John Taylor, Professor of Economics, Stanford University offered a keynote address at the Federal Reserve Bank of Atlanta's 'Financial Innovation and Crises' conference, addressing the role of the government in reducing systemic risk in the financial markets.

Taylor, the former undersecretary of the Treasury for international affairs in the Bush administration, cautioned that the Fed may need to raise interest rates soon.

My calculation implies that we may not have as much time before the Fed has to remove excess reserves and raise the rate, he said at the Jekyll Island Club, just down the hall from where the Federal Reserve system was born a century ago.

Taylor insisted that the federal government is the biggest source of systemic risk in the financial markets, warning the formulating policy proposals and drafting legislation without considering these government risks is a mistake.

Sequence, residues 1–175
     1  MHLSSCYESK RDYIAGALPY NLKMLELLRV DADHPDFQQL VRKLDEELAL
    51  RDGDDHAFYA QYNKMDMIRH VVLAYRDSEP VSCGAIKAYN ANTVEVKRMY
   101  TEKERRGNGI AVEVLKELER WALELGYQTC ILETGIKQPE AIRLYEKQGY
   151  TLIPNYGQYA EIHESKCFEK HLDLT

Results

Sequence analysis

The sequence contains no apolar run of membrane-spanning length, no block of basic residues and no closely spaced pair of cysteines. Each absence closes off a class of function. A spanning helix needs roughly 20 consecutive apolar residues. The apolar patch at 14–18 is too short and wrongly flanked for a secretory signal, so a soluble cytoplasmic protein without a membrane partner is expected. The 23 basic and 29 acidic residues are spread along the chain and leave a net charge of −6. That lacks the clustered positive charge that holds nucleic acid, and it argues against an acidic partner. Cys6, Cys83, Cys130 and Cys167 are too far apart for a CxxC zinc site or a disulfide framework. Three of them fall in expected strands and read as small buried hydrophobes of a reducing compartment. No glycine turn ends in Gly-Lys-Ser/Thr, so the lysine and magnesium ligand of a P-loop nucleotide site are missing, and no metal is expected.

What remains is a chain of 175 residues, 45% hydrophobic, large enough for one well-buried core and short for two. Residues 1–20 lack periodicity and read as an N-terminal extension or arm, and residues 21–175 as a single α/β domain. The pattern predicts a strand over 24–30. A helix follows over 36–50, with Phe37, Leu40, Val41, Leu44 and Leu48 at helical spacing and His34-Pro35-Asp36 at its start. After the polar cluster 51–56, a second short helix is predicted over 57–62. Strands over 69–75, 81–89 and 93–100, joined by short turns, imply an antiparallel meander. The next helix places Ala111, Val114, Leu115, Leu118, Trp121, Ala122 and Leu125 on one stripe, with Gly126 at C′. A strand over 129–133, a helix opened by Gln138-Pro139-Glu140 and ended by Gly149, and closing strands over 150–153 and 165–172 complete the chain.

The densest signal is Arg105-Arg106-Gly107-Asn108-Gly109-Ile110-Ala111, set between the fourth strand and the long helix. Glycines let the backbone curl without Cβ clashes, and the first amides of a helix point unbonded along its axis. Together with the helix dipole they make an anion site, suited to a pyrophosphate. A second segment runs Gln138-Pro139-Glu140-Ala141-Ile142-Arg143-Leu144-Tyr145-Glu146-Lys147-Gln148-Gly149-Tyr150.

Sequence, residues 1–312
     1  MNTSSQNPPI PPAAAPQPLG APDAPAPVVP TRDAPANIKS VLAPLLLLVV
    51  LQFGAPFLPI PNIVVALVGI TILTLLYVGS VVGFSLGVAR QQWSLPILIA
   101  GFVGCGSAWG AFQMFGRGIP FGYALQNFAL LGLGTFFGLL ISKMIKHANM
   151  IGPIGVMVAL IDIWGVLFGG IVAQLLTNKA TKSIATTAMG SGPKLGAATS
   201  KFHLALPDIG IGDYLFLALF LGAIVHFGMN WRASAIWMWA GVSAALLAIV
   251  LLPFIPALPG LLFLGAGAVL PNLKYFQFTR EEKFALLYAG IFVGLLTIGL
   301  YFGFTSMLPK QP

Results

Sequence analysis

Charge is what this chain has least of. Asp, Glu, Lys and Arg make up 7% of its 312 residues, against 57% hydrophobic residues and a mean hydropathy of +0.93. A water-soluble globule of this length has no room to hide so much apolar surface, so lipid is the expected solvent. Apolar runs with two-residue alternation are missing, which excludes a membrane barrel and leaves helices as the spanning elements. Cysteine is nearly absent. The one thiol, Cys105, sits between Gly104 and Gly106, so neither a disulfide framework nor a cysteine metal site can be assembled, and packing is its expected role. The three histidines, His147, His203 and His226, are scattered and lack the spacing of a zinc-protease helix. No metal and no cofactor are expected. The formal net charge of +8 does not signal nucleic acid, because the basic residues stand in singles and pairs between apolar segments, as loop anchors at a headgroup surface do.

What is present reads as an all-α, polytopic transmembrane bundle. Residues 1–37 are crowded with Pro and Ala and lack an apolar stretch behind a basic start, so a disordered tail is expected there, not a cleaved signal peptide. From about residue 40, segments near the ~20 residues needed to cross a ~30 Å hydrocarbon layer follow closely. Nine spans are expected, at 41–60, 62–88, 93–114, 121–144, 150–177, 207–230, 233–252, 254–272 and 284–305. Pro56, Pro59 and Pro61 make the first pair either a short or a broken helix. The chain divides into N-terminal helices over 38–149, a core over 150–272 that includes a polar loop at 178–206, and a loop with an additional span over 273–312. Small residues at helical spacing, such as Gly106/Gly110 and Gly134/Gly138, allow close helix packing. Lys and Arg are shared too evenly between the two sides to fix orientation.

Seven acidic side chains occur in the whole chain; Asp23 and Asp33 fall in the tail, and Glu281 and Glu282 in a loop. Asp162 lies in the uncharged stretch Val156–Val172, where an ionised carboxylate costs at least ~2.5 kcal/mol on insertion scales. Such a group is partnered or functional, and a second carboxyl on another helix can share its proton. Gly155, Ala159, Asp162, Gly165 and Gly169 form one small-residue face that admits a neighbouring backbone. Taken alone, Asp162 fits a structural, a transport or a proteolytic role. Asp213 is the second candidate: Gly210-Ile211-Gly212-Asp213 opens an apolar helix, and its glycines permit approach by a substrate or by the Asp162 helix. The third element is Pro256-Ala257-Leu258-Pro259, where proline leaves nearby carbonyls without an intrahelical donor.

He pointed to the growing debt of the federal government as an example of systemic risk.

The deficit in 2019 is expected to be $1.2 trillion about the same as the most recent Administration budget for 2010...What is the purpose of running trillion dollar deficits as far as the eye can see? he asked.

There is certainly no stimulus effect from such deficits, and they put a heavy burden on the not so distant future. This is a systemic risk because it will effect the entire financial system and the real economy.

Reigning in government-induced systemic risk should be the highest priority above the creation of a new systemic risk regulator, Taylor added.

He warned that the creation of a risk regulator might serve as an excuse for existing regulatory agencies to pass off responsibilities for past and future regulatory failures.

The experience during the panic last fall is not reassuring that such an agency could resolve private institutions without causing more systemic risk than it was trying to reduce.

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